Reuters and others report that Iranian officials have begun to fix blame for the nominally hacktivist attack that's afflicted the country's gasoline stations since last week. "We are still unable to say forensically, but analytically I believe it was carried out by the Zionist Regime, the Americans and their agents," Iran's head of civil defense said Saturday. According to the Tehran Times, the country's intelligence minister said the investigation remains in progress, and that full details will be disclosed once it's complete.
Cybercriminals hit two upscale brands. Sky News reports that the Russian Conti gang has begun doxing customers ("tycoons and celebrities," as Sky describes them) of the luxury jewelry brand Graff. The gang wants a large payment in exchange for a promise not to release more information. What's out so far seems relatively anodyne, but Conti promises worse to come. And the MCH Group says its high-end art dealer subsidiary, Art Basel, has also sustained a criminal data breach.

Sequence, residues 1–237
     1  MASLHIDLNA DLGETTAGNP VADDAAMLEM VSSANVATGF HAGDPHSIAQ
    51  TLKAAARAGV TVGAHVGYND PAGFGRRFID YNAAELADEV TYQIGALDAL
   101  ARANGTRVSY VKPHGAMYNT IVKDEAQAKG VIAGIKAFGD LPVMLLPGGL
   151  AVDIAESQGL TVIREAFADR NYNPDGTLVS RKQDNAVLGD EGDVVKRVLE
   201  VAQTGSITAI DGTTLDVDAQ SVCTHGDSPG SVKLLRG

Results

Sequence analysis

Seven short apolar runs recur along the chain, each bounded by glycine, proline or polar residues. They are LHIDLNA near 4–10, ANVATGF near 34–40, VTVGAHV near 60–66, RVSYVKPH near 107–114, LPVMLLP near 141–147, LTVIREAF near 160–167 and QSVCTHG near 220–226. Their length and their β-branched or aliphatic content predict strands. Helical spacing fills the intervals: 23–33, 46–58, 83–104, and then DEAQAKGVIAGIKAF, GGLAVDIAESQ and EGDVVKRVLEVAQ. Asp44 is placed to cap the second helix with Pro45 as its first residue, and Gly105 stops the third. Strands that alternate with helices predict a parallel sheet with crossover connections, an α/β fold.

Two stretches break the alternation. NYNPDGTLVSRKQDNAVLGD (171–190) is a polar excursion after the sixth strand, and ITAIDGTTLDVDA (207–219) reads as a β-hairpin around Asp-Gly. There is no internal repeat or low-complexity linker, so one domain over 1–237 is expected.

Fortinet reports that the Chaos ransomware gang, generally believed to operate from China, is targeting Minecraft gamers in Japan. Not to blame the victim, here, but we note that the malware hook is hidden in phishbait that purports to contain stolen game credentials which no honest player should touch.
NSO Group, best known for its Pegasus intercept tool, whose sale to and abuse by repressive governments has drawn criticism and provoked controversy, has shaken up its leadership. The company says its new strategic direction will include "analytics and defensive cyber."